Counting Urban Refugees During COVID-19
Counting urban refugees during COVID-19
This article was originally published in Forced Migration Review Issue 64
By Florence Lozet, Urban Analyst, Cities Alliance & Evan Easton-Calabria, Senior Research Officer, Refugee Studies Centre, University of Oxford
A case-study from Uganda demonstrates that authorities cannot provide the services and assistance that refugees need if they do not have good data on the refugee population. The COVID-19 pandemic highlights this issue while exacerbating the challenges facing urban refugees.
Like most countries around the world, Uganda has not been immune to COVID-19, and the situation in Arua Municipality highlights some of the most challenging lockdown issues affecting refugees. The district in which Arua Municipality is located hosts more than 250,000 South Sudanese refugees (of a total of more than one million across the country), with self-settled urban refugees making up an estimated 24% of its total population.
Despite these large figures, refugees are not included in the national census and there have been challenges in documenting them at the municipal level. This is true for secondary cities across Uganda (and even the capital Kampala has only estimates of the actual number of refugees in the city). This lack of data makes it very difficult for cities to adequately plan and provide for all their residents and results in increasing pressure on public services including health and education. In times of emergency like this, it becomes even harder to understand the level of support needed and where those in need actually reside.
While there have only been 264 confirmed cases in the country (and very little testing), up to 19th May, the challenges of day-to-day survival are growing. In addition to closing places for public assembly (including schools), the government has banned public transport and non-food markets and has closed shopping malls and non-food stores.
One of the biggest challenges refugees are facing in lockdown is access to food. Usually, the poorest commute to the city to work, then go back to the settlements where their families reside and where they can get their food rations. Others depend on a monthly trip back to the settlement where they are registered in order to collect their food rations. However, because of the ban on vehicle journeys, this is no longer possible and there is no way to travel to the settlements.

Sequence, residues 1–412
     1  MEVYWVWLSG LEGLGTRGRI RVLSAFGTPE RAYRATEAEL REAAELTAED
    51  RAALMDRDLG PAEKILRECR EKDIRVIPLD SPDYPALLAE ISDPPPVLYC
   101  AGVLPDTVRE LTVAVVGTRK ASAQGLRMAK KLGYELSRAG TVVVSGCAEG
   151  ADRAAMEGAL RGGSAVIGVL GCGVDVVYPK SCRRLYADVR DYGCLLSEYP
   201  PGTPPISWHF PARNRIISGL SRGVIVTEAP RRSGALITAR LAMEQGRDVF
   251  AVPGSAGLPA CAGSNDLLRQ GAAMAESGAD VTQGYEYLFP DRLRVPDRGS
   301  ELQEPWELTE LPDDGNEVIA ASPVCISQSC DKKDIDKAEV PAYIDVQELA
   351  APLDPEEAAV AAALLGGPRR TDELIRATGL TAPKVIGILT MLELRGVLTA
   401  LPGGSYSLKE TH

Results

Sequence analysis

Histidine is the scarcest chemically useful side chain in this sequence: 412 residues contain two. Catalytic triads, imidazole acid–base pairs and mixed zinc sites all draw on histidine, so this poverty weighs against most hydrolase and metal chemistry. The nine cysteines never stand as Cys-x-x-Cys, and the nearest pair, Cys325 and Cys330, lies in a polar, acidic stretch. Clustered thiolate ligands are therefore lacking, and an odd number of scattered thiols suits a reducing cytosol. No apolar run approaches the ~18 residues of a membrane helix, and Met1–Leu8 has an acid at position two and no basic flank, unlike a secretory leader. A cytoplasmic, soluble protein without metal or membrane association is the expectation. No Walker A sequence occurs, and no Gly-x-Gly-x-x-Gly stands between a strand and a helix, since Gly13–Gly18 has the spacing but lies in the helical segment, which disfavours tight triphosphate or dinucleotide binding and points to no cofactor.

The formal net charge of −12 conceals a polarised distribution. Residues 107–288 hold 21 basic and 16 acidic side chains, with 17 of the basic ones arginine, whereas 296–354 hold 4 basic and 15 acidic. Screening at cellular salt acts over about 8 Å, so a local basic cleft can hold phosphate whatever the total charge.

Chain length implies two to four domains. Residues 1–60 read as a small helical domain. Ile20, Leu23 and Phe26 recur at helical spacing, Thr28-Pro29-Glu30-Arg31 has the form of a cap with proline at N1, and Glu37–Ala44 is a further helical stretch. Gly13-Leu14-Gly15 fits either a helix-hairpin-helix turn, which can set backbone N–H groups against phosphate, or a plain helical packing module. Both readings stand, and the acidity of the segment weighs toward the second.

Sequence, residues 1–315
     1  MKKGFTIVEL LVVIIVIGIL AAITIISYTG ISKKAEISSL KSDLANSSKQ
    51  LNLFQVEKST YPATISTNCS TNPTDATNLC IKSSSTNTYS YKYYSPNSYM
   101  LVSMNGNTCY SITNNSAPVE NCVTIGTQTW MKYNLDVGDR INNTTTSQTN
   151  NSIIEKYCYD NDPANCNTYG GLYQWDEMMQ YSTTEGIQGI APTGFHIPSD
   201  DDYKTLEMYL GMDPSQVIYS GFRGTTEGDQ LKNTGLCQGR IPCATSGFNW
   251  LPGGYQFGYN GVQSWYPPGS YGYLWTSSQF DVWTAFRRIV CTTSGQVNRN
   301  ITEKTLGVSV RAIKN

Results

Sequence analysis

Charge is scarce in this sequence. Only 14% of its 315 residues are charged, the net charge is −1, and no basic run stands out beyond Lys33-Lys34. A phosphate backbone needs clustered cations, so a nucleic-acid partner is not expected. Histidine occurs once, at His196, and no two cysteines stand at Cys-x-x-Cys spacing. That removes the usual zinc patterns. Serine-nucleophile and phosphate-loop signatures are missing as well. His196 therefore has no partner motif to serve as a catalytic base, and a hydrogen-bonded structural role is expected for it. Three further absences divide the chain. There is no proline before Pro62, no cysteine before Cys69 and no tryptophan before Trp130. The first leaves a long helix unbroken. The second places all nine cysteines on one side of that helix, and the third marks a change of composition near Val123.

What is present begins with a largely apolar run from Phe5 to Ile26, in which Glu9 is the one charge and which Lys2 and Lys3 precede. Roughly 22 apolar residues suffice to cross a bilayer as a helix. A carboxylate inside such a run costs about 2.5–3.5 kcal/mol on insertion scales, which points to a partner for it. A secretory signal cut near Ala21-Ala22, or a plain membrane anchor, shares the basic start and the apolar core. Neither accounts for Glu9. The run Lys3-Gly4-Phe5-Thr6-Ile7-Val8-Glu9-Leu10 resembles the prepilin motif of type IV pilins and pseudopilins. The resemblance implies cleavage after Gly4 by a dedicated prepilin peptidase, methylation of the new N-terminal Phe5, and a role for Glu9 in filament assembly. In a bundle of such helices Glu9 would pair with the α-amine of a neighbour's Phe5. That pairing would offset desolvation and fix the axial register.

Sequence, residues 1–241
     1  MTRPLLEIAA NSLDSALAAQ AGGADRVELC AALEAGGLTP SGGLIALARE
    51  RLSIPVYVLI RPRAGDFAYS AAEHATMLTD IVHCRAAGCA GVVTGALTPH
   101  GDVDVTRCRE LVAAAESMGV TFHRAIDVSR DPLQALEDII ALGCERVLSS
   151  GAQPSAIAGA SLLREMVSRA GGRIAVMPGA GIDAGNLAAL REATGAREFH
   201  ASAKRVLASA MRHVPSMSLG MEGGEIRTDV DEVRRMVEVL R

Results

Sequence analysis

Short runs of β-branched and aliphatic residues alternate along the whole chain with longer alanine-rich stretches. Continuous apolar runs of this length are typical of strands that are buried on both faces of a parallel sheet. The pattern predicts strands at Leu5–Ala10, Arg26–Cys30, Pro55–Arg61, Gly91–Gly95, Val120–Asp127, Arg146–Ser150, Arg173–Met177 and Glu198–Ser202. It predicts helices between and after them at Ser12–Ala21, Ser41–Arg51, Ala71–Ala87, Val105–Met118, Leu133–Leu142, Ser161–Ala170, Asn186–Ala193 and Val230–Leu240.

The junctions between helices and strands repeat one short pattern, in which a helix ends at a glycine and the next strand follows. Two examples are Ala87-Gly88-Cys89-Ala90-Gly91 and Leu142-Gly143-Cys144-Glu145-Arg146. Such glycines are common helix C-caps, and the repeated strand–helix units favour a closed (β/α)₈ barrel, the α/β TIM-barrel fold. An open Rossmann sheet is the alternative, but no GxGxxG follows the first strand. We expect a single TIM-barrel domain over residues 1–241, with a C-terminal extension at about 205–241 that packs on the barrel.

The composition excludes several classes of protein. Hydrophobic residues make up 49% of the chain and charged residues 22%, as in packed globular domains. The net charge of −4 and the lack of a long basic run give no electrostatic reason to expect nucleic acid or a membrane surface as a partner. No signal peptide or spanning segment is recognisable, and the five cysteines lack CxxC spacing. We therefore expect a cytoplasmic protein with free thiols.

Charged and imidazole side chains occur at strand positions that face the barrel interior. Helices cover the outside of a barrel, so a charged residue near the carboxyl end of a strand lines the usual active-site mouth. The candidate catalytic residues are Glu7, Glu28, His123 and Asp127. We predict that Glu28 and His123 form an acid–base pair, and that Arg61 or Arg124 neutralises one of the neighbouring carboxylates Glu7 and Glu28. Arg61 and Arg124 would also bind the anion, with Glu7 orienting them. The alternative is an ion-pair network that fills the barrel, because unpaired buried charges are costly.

Although residing in urban areas while remaining registered in camps is not technically permitted in Uganda, this is the reality for many refugees. The failure to collect data on urban refugees is side-stepping this reality, and putting refugees in difficult and risky situations.
Access to food has also been restricted as only recognised market vendors can now sell their products in Arua, meaning that informal businesses and street vendors have been forced to stop selling. This reduction in market vendors has led to an overall reduction in the food supply and has resulted in an inflation of food market prices with a subsequent impact on Arua’s entire population. In addition, it has devastated the livelihoods of many refugees and members of the host communities who usually survive from day to day through selling in the informal sector.
Mayor Kato of Arua Municipality has acknowledged this tension:
We want to protect the population from COVID-19 but it seems at the same time that there are many restrictions on the market, causing hunger and panic among people.